WASHINGTON, D.C. (WJHL) – As General Shale Brick Inc. approaches the purchase of a competitor, the process hit a wall after the Department of Justice stepped in to stop the move until anti-competitive complaints are resolved.
The Department of Justice’s Antitrust Division announced a set of suits on Friday, October 1 with one blocking the purchase of Meridian Brick LLC and a second to propose a settlement involving the sale of multiple assets between the two companies.
All in all, the companies would be required to sell three manufacturing facilities, 14 distribution yards and showrooms, and six mines to either RemSom LLC or another business approved by the United States. According to the announcement, this sale would “resolve the competitive harm” that prompted the first lawsuit.
“Residential brick is an essential building block in American home construction,” said acting assistant attorney general Richard A. Powers of the Justice Department’s Antitrust Division. “As originally proposed, the transaction would have led to higher priced and lower quality residential brick, making it more expensive for millions of Americans to build and purchase homes.”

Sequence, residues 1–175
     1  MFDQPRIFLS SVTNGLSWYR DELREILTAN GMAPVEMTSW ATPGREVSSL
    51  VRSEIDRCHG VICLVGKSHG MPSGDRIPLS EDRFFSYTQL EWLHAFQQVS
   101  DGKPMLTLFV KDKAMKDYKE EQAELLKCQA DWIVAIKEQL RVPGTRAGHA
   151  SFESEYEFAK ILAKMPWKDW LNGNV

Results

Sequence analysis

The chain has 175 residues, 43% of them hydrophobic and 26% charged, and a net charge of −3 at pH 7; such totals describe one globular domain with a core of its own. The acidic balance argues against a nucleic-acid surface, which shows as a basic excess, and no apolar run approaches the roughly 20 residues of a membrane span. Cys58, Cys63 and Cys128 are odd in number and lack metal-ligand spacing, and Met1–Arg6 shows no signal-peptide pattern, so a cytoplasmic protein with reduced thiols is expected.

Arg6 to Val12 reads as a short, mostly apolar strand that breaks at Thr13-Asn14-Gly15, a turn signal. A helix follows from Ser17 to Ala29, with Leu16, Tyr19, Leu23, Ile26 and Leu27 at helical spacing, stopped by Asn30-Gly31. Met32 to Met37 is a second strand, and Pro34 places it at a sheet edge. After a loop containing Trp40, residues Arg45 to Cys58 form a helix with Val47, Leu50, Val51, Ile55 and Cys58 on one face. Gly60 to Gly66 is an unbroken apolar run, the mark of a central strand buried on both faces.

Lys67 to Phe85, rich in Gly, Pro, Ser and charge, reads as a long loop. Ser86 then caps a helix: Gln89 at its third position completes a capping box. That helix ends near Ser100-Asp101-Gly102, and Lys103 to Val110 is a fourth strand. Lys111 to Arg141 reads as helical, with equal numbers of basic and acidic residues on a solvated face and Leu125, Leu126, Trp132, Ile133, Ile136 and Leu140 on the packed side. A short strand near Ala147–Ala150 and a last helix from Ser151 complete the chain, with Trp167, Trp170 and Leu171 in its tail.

While none of General Shale’s Tennessee properties are designated for sale, several regional standouts belonging to Meridian are listed:
- A Gleason, TN manufacturing facility.
- Two Gleason, TN mines.
- A Clarksville, TN distribution yard.
- A Knoxville, TN distribution yard.
- A Memphis, TN distribution yard.
- A Nashville, TN distribution yard.
General Shale Brick Incorporated is a Delaware company headquartered in Johnson City, Tennessee and is a leading U.S manufacturer of several construction materials, according to the release. If the settlement follows the proposed final judgement filed by the DOJ, General Shale and Meridian would be required to assist any business that purchases assets with the hiring of any relevant employees connected to the site.
“Not only has competition between General Shale and Meridian driven residential brick prices down, it has also fostered product innovation that has resulted in new products and the broad portfolio that each firm offers today,” the filed complaint states. “For example, competition between these firms has resulted in the introduction of new color mixes, textures, and facing styles, as well as more efficient and environmentally sustainable production processes.”